Anton Webern was born December 3, 1883. Had he lived, today would have been his 129th birthday. (That’s a joke, obviously, but Webern did in fact die before his time—he was shot by an American soldier on September 15, 1945, while standing outside his house having a smoke.)

Webern studied under Arnold Schoenberg, and formed an important friendship with fellow student Alban Berg (composer of the opera Wozzeck). But unlike either of those men, whose pieces were frequently grand in scale, he (in the words of Alex Ross in The Rest is Noise: Listening to the Twentieth Century) “found his calling as a miniaturist.” Webern composed extremely short, compressed pieces that—despite employing atonality, serialism and other theoretically rigorous strategies that can sound alienating to the listener in search of conventional melody and harmony—are extremely beautiful for all their alien spareness. Ross again: “The impulse to go to the brink of nothingness is central to Webern’s aesthetic; if the listener is paying insufficient attention, the shorter movements of his works may pass unnoticed. The joke went around that Webern had introduced the marking pensato: Don’t play the note, only think it.”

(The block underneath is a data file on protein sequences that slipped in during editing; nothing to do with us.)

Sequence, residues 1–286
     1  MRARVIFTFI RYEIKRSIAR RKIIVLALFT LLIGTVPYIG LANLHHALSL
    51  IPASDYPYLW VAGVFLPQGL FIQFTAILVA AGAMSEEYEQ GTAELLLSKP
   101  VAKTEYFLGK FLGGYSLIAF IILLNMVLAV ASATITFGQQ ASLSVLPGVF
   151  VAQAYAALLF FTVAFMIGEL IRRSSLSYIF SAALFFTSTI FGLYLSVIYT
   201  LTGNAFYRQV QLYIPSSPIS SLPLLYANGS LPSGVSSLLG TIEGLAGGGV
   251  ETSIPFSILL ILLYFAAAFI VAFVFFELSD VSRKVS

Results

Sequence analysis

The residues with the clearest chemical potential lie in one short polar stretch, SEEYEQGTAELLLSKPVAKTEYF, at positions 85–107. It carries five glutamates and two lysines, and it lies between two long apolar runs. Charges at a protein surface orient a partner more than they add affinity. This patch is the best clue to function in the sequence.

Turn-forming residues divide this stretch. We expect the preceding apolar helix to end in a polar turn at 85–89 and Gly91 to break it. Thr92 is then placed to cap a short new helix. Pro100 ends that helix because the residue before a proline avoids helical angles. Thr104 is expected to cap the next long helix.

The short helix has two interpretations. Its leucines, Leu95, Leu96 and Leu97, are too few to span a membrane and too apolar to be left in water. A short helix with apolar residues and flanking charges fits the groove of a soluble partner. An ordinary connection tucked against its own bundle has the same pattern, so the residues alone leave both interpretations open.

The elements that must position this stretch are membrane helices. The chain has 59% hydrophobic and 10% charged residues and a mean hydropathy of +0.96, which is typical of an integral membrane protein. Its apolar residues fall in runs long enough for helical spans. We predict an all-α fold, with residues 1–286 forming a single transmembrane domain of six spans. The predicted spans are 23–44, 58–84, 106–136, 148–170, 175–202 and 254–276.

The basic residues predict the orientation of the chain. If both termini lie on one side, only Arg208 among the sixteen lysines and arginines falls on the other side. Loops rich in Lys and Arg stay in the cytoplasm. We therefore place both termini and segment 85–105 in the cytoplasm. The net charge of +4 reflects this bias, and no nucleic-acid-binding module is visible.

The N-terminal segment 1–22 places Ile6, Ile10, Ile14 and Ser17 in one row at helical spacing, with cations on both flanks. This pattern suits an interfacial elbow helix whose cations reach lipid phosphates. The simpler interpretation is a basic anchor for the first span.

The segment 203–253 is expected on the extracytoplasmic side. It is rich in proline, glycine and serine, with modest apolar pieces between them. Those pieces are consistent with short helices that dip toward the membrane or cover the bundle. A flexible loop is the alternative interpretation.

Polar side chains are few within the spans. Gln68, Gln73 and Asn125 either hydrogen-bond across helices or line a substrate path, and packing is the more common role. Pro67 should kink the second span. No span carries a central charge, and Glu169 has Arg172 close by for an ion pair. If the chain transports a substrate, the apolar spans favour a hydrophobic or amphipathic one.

His body of work is almost as truncated as his phrases and compositions: Webern only published 31 pieces in his lifetime, and his complete works (conducted by Pierre Boulez) fit on a six-CD set. But he’s regarded as a major composer, and his influence has stretched beyond the world of classical music and modern composition into jazz and beyond. It’s easy to hear Webern in the work of “lowercase” electro-acoustic musicians, and free jazz saxophonist Daniel Carter has spoken to me about bringing the composer’s ideas about concision, melody, and the use of extended instrumental technique to bear on his own work. But even if he had never influenced anyone, his own work would retain its uniquely striking power.

Phil Freeman

Here’s a performance of his Concerto for Nine Instruments (Opus 24) from the University of Music and Performing Arts, Vienna, in 2009:

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